rejecting the contention that a former trustee was aggrieved by the order replacing him because the compensation owed to him did not give him a sufficient pecuniary interest to be considered aggrievedSummary of this case from Carter v. Asplund (In re Asplund)
Docket No. 36, Calendar No. 44,045.
Decided June 14, 1948.
Appeal from Kent; Verdier (Leonard D.), J. Submitted April 8, 1948. (Docket No. 36, Calendar No. 44,045.) Decided June 14, 1948.
In the matter of the estate of Charles Trankla, deceased. Petition by Michigan National Bank and Charles Raymond Viele as surviving trustees under the will of Charles Trankla, deceased, for appointment of trustee. Roland M. Shivel appointed by probate court. Trustees appealed to circuit court. Order reversed and probate court ordered to appoint Michael Leonard. Roland M. Shivel appeals. Affirmed.
Harrington, Waer Cary, for plaintiffs.
Linsey, Shivel, Phelps Vander Wal, for defendant.
The Michigan National Bank, Charles Raymond Viele and Hattie E. Trankla were testamentary trustees under the will of Charles Trankla, who died in July, 1930, leaving a sizable estate. A vacancy in the trusteeship occurred upon the death of Hattie E. Trankla on January 30, 1947, whereupon the two surviving trustees petitioned the probate court for Kent county to appoint Michael Leonard of Grand Rapids as successor trustee. The petition set forth that Mr. Leonard had been a friend of the testator and of his family for many years and that petitioners had been advised by Carrie Trankla Viele and Edward Trankla, daughter and son respectively of the testator, that they desired the appointment of Mr. Leonard as successor trustee because of their friendly relationship with him and his ability as a businessman. The petition also set forth the following provision contained in a codicil to the testator's will:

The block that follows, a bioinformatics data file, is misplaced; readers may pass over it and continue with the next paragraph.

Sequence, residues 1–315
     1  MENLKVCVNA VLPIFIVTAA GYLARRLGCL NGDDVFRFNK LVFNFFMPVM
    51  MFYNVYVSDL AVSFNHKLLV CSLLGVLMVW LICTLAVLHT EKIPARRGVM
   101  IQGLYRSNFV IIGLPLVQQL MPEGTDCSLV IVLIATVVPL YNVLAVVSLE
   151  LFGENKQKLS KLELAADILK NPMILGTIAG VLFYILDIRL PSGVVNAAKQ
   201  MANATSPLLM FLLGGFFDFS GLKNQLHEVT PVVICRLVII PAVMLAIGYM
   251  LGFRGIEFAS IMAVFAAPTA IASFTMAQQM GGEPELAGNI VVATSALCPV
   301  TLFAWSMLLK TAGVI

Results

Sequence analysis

"Fourth. In the event that a vacancy shall occur in the office of any one of the executors, executrix or trustees named in this will, a successor shall be appointed by the probate court for Kent county, and I request said court to give all due consideration to the wishes expressed by the immediate members of my family in that regard. The powers herein conferred upon my executors and executrix and trustees may be exercised by their successors in office, if any there be."
For personal reasons, the judge of probate asked an associate judge to act with him in appointing a successor trustee. A hearing was had on the petition at which, upon their own motion, the probate judges brought up the name of a leading member of the Grand Rapids bar as a candidate for the position. Upon being called before them, he stated that he had been acting as attorney for the estate for many years and was familiar with the matters involved in its administration, that he had previously declined to accept the nomination for appointment, that he did not consider himself a candidate for it, and that he was embarrassed by being asked by the court whether or not he would accept it. He further stated that, in spite of his desire not to be considered for the appointment, if the court saw fit to appoint him, he would accept. His entire attitude impresses us as being in character with the honorable reputation he enjoys among the members of the bar in his community.
No third person was recommended or discussed at the hearing. The matter was taken under advisement by the probate judges, and some time later, they appointed Roland M. Shivel, also a member of the Grand Rapids bar, as successor trustee. He has qualified as such and filed his bond. A timely appeal was taken to the circuit court by one of the surviving trustees and by the son and daughter of the testator.
At the outset, in all fairness to Mr. Shivel, it should be stated that he enjoys a well-deserved reputation for the highest integrity and for legal and business ability. He has had immeasurably large experience in administering estates. He did not seek the position.